Reaching out to our homeless population

Reaching out to our homeless population


In response to “Protect the river against squatters,” June 25:

As members of this compassionate and caring community, we share your concerns about the environmental quality of our river and wetlands system. We understand the tents on the banks of our river are an eyesore.

Despite what you see in other communities in California, the health and safety conditions are far different. On occasion, we get a camp that is out of control, and we quickly move in to get rid of the camp as swiftly as possible after providing proper notice. The two outreach teams do a tremendous job monitoring our Napa County camps and are very responsive to community concerns.

The two teams are Abode outreach and the Napa Police Department outreach team. Outreach services include access to mental health and drug and alcohol services, job assistance, and housing assistance. These teams provide direct services in the field. The goal is to make sure our homeless are connected to services, with the emphasis on long term and sustainable housing.

On the environmental side, Abode provides trash bags, which are picked up by local work crews. The homeless in Napa are encouraged and sometimes rewarded for picking up after themselves and helping to care for our river and community. The outreach teams have elected to use a system of mitigation and compassionate enforcement for our homeless population.

Many people who live on the streets suffer from debilitating conditions that make living a conventional lifestyle challenging if not impossible. Instead of “criminalizing” these individuals, we make efforts to connect them with services. Our advocates work diligently to get them into temporary and eventually into permanent housing or work to reunite them with family or friends.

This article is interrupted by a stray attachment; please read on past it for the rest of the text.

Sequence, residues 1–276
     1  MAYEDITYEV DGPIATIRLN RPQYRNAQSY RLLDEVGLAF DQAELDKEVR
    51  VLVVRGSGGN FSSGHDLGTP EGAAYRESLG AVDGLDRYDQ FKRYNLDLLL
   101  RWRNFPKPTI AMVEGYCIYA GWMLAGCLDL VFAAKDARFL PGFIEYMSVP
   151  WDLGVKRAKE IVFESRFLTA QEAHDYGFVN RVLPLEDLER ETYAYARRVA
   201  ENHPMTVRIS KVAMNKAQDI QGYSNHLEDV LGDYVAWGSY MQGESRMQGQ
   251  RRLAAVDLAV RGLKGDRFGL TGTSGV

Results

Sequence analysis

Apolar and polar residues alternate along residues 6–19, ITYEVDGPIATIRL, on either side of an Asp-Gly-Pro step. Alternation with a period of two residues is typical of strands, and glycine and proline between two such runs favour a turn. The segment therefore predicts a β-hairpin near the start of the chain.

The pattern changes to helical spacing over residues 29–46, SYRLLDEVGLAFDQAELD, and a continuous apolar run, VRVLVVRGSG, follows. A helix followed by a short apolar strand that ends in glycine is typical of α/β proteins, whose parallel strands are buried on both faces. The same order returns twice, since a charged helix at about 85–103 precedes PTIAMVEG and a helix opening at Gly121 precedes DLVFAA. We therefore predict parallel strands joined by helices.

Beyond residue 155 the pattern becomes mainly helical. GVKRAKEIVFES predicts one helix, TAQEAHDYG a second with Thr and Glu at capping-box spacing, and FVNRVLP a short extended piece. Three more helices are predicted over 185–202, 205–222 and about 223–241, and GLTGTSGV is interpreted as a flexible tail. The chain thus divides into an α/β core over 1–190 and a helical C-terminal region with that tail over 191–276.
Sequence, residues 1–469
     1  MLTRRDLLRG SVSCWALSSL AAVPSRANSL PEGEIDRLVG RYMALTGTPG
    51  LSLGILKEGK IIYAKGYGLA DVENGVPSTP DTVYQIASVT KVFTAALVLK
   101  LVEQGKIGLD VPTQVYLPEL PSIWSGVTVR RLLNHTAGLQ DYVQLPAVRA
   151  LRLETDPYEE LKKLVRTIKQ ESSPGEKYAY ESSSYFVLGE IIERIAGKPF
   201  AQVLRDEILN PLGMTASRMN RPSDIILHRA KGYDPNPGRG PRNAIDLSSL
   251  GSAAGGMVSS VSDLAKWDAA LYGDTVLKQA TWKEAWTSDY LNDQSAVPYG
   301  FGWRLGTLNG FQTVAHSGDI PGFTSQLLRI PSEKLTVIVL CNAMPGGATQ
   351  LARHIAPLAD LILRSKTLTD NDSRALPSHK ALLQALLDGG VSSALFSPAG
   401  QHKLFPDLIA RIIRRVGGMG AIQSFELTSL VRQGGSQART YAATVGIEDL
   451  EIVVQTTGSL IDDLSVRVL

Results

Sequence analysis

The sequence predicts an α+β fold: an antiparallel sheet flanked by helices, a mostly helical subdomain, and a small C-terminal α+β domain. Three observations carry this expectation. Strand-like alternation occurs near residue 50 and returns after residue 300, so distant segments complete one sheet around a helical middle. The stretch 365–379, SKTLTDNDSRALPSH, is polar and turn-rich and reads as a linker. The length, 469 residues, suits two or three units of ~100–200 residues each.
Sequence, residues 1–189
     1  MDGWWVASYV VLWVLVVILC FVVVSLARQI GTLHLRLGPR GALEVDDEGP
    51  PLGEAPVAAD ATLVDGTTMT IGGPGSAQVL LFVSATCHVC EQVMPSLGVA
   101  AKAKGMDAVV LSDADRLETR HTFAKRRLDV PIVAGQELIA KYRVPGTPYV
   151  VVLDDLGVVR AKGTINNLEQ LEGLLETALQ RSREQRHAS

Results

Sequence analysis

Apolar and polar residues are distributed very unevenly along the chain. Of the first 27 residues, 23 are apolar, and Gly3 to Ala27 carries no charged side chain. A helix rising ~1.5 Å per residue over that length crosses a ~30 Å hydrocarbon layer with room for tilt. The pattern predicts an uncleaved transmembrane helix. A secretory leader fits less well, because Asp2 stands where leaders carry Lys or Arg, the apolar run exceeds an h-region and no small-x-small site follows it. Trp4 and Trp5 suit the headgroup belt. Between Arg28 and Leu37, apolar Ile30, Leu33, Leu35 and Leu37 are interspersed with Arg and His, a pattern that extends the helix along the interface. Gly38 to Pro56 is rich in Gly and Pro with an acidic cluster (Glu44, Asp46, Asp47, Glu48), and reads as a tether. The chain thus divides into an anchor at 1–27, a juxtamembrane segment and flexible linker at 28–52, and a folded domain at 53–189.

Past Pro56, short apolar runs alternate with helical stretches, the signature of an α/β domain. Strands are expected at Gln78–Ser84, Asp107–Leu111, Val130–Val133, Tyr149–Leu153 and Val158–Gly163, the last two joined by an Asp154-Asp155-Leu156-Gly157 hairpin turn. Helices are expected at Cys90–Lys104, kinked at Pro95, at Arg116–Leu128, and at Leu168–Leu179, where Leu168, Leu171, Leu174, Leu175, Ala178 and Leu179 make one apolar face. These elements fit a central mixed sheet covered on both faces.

While homeless camping is not authorized in the area along the river, we are limited in enforcement efforts due to the laws about homelessness, which are always changing. The Napa shelter system runs at nearly 100 percent capacity, which makes the enforcement of our no-camping ordinances challenging.

The city must operate under the rule of law, and we fall under the Ninth Circuit Jurisdiction. In June 2018 the court ruled in Martin vs. Boise (Idaho): "As long as there is no option of sleeping indoors, the government cannot criminalize indigent, homeless people for sleeping outdoors, on public property, on the false premise they had a choice in the matter.”

Another example of the ever-changing laws in California: Currently, Assembly Bill 516 is working through the legislative process, and if the law is passed, it will make it more difficult for municipalities to address homeless issues associated with those living in vehicles to include RV’s found upon roadways or public land.

We agree that homelessness is a complex and complicated problem that leaves its mark on all community members and the environment. If you come across a homeless camp, please reach out to Napa PD or Abode outreach (707) 257-9479.

Robert Plummer

Chief of Police City of Napa

Catch the latest in Opinion

* I understand and agree that registration on or use of this site constitutes agreement to its user agreement and privacy policy.

Related to this story

Get up-to-the-minute news sent straight to your device.


News Alerts

Breaking News